In FIG. 2 the book and container assembly 1 is shown with front edge 8 of book 2 having top edge 3 and bottom edge 4. Shell 12 is shown having its flange 13 joined to back cover 6 of book 2, so that front side 14 of shell 12 is adjacent to the front edge 8 of book 2, with a top side 15 of shell 12 adjacent to the top edge 3 of book 2; and a bottom side 16 of shell 12 adjacent to the bottom edge 4 of book 2. Portions 17 of bottom side 16 are normal to the plane of back cover 6, and are flush with the bottom edge 4 of book 2; whereby the container and book assembly 1 is supported by both the book 2 and shell 12 in the normal display orientation on a flat surface, such as a book shelf, with the spine vertical. A generally planar panel 18 is a plane parallel to flange 13, extends from the top side 15 to bottom side 16, and is interrupted by an upstanding rib 19.
FIG. 3 shows a cross-sectional view of rib 19, which is in the shape of a narrow U with one leg 20 joining the edge of top side 15 and a second leg 21 joining planar panel 18. One preferred embodiment includes a perforation at or near the intersection of leg 21 and panel 18, whereby rib 19 may be torn loose from panel 18.
FIG. 4 shows rib 19 extending from flange 13 adjacent to spine 7, across front side 24, panel 18 and the back side 25 of shell 2, to terminate at flange 13 adjacent to the back edge 10. Bottom side 16 terminates in flange 13, and one or more portions 17 of bottom side 16 are extended to the plane of the bottom edge 4 of book 2.
FIG. 5 also shows rib 19 extending from flange 13 adjacent to spine 7, across front side 24, panel 18 and the back side 25 of shell 2, to terminate at flange 13 adjacent to back edge 10.
FIG. 6 shows the front cover 5 of book 2, which is not covered by any portion of shell 12.
FIG. 7 shows rib 19 being substantially cut away from legs 20 and 21 to separate top 15 from the back side 25, panel 18 and front side 24.
FIG. 8 shows the separation of leg 20 from leg 21 after removal of rib 19, whereby the top side 15 may be opened upwardly by flexure of the upper portion of flange 13 and the upper portion of the back cover 6 from spine 7 to the back edge 10, and permitting removal of a product by a customer, or storage of the product after initial removal of the product.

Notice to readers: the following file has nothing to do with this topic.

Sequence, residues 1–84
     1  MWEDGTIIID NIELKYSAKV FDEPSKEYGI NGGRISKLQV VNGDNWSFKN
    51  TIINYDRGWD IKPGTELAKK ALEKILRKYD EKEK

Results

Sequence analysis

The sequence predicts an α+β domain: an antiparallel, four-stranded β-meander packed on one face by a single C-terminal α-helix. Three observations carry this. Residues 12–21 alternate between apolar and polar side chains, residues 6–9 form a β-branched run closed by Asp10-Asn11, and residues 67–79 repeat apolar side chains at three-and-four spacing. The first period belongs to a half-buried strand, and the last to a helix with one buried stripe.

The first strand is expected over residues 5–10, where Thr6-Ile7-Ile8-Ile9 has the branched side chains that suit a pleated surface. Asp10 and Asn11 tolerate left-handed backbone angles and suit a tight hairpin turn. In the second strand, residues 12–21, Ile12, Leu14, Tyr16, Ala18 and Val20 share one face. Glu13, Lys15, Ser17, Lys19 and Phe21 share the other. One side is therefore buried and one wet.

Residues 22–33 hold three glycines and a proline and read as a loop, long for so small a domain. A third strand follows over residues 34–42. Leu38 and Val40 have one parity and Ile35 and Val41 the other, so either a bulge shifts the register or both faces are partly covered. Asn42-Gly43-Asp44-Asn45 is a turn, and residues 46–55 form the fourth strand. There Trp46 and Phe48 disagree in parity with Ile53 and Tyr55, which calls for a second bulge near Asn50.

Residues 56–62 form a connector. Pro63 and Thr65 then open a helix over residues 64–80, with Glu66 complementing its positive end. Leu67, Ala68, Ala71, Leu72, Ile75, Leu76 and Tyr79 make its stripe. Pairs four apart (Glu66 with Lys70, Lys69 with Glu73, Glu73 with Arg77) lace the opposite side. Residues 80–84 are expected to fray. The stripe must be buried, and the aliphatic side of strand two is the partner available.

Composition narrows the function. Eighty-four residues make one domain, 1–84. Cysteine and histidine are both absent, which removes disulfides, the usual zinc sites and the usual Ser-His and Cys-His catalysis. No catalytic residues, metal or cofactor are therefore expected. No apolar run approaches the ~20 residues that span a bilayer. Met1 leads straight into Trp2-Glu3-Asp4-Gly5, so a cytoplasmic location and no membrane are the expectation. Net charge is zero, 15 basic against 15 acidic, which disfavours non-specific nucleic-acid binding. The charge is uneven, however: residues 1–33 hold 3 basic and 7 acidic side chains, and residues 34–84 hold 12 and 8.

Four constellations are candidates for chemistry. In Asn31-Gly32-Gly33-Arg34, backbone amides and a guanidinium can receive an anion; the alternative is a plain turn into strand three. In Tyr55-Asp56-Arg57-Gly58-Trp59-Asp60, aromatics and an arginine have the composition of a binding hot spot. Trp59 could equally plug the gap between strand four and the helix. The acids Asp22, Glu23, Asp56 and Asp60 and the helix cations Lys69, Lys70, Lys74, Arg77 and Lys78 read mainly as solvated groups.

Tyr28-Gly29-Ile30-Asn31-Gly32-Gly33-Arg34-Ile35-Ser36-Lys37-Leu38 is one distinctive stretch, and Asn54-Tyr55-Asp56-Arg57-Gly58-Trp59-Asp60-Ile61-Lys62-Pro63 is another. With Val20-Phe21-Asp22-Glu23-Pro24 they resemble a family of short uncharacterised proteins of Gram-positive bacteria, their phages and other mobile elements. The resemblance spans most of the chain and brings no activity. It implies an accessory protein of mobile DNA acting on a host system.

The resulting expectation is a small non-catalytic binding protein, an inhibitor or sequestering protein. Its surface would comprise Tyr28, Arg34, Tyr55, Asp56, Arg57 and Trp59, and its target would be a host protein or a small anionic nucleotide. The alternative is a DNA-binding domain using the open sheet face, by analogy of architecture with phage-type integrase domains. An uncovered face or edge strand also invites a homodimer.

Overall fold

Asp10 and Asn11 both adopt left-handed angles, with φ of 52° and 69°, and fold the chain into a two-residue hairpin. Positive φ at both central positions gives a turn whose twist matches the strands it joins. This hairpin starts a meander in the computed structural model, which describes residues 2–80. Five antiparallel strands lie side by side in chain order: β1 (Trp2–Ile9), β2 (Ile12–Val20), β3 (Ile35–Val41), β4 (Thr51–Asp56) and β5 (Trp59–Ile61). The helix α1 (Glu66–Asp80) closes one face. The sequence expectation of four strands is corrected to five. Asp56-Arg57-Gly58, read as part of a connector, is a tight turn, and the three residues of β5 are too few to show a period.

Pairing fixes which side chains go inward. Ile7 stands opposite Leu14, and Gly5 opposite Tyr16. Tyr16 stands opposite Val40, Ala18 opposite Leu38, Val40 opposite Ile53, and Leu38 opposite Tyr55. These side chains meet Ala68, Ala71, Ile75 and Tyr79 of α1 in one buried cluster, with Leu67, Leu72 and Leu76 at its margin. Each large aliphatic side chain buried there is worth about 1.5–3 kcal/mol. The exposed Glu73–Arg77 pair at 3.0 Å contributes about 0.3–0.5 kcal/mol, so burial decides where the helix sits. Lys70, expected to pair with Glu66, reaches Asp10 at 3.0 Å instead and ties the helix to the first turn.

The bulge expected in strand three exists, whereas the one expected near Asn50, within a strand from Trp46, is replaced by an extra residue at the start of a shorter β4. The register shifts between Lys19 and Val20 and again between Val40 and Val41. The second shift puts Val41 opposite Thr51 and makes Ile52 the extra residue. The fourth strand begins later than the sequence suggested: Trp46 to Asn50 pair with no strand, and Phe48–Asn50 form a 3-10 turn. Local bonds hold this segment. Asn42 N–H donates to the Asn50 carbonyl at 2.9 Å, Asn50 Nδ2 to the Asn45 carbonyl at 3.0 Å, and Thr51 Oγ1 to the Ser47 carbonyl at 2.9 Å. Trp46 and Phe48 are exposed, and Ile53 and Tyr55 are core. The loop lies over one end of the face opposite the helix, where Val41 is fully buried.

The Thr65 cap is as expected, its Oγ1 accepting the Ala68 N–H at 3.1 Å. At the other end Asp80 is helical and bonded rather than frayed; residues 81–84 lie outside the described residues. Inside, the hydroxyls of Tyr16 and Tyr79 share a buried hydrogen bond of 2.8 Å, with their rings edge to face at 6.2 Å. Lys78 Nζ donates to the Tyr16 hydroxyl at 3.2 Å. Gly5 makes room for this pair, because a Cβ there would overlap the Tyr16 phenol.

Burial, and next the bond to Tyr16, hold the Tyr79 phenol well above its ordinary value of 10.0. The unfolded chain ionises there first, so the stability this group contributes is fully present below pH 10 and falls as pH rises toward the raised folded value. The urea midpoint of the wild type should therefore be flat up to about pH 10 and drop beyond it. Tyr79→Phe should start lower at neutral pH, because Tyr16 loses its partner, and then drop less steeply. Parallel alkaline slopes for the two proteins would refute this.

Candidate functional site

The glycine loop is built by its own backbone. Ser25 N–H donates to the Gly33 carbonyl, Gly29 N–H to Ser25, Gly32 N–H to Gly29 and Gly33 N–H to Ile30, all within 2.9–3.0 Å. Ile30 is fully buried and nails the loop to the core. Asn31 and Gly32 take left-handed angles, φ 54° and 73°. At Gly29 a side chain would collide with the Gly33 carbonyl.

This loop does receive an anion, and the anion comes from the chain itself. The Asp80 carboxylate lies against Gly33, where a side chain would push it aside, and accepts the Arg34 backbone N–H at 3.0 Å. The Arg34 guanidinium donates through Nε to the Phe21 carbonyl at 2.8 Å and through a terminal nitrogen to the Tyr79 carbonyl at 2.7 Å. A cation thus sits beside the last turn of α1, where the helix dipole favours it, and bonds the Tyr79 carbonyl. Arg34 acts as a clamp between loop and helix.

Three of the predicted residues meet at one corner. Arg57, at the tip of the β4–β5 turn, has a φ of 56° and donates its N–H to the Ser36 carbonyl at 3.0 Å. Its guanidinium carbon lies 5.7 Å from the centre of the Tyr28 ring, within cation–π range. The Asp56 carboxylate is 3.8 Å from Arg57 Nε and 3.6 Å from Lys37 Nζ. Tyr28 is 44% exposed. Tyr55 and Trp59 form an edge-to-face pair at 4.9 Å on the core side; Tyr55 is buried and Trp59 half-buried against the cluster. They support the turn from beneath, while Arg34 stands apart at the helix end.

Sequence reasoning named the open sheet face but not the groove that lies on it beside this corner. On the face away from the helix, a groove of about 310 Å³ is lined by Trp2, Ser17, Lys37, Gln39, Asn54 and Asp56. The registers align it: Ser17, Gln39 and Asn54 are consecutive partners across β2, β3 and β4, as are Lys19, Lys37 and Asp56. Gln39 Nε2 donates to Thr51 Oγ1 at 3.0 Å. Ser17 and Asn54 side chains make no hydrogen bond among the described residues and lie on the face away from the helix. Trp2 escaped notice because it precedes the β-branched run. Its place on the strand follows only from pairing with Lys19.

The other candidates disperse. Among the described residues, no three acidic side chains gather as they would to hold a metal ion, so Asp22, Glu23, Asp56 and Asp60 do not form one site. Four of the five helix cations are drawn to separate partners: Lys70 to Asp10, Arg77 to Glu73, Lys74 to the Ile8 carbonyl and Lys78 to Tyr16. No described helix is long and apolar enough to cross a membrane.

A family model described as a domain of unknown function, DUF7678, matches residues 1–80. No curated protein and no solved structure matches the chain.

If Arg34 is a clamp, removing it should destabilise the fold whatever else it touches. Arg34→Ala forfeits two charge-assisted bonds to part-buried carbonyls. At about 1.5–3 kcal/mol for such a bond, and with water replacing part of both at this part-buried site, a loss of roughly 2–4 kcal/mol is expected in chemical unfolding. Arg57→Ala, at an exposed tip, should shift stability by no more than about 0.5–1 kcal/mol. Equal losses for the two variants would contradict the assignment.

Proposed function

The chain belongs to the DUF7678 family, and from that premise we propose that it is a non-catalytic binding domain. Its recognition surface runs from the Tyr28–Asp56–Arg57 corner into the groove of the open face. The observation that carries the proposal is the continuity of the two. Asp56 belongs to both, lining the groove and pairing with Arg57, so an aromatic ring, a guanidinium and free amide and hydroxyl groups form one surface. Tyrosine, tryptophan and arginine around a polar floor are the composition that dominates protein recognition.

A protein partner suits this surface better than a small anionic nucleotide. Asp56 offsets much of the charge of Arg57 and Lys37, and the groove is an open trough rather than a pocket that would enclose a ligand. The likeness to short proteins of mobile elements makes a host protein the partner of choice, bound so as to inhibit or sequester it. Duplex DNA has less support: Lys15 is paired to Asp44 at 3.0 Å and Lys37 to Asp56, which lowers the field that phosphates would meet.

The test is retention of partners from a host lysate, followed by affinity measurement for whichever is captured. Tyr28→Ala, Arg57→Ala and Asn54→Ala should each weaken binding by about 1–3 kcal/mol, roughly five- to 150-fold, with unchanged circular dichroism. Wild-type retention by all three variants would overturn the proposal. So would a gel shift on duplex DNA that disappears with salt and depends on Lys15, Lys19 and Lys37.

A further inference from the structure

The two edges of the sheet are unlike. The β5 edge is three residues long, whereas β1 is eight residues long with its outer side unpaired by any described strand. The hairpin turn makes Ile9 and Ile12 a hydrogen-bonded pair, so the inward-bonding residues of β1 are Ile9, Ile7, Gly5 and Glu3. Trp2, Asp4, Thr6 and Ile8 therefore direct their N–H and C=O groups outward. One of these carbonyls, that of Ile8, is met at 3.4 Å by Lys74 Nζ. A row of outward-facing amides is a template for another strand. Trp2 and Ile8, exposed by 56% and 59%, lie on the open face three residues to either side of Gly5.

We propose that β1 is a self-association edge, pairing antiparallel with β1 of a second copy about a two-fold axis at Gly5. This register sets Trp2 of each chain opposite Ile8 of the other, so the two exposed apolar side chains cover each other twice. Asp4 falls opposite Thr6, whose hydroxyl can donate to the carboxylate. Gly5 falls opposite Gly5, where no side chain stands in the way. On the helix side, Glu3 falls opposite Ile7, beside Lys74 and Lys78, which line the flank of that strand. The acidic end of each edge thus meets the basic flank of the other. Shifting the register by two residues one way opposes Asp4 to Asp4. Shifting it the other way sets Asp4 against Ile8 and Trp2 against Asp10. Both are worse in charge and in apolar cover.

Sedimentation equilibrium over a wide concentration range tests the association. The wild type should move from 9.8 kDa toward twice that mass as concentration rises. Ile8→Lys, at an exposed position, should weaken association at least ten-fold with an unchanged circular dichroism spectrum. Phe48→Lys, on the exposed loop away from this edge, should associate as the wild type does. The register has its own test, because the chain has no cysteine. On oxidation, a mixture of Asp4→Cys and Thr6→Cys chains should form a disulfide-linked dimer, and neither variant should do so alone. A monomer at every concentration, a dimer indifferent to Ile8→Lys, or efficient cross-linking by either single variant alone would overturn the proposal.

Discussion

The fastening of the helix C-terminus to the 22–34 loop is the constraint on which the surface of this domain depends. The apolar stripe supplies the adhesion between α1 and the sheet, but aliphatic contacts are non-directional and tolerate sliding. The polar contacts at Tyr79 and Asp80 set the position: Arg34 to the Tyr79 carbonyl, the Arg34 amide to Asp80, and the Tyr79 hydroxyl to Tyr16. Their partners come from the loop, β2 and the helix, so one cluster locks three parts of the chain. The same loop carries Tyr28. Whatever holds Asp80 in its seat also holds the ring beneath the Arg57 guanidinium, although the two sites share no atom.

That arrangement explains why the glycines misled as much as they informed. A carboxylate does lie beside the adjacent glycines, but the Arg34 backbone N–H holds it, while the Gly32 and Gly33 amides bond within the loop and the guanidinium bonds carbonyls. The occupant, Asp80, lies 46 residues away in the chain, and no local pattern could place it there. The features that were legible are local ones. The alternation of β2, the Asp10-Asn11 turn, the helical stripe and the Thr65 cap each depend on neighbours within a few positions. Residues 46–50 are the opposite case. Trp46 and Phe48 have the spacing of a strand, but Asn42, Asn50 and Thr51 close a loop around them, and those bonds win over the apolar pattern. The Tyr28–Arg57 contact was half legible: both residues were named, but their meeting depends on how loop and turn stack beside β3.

By the described embodiments the present invention provides a package for a product accompanying a book in which the book and package may be displayed normally and compatibly with other books on a book store shelf, preserving the sales potential of high traffic locations; wherein the book is not enclosed, permitting examination by a shopper, but in which the blister is very resistant to opening by a shopper in a store. The blister is easily opened by the purchaser at home and is reclosably for storage 7 of the product after the initial opening. The present invention describes an optimum single blister pack configuration, with the option for one skilled in the art to have more than one such blister on a single book, or make the blister out of other materials, such as paper or cardboard to achieve the same result in the same way.
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|U.S. Classification||206/232, 206/469, 206/470|
|International Classification||B42D3/12, B65D75/36|
|Cooperative Classification||B65D2207/00, B42D3/12, B65D2575/366, B65D75/366|
|European Classification||B65D75/36F, B42D3/12|
|Jan 21, 1992||REMI||Maintenance fee reminder mailed|
|Apr 16, 1992||FPAY||Fee payment|
Year of fee payment: 4
|Apr 16, 1992||SULP||Surcharge for late payment|
|Jan 30, 1996||REMI||Maintenance fee reminder mailed|
|Jun 23, 1996||LAPS||Lapse for failure to pay maintenance fees|
|Sep 3, 1996||FP||Expired due to failure to pay maintenance fee|
Effective date: 19960626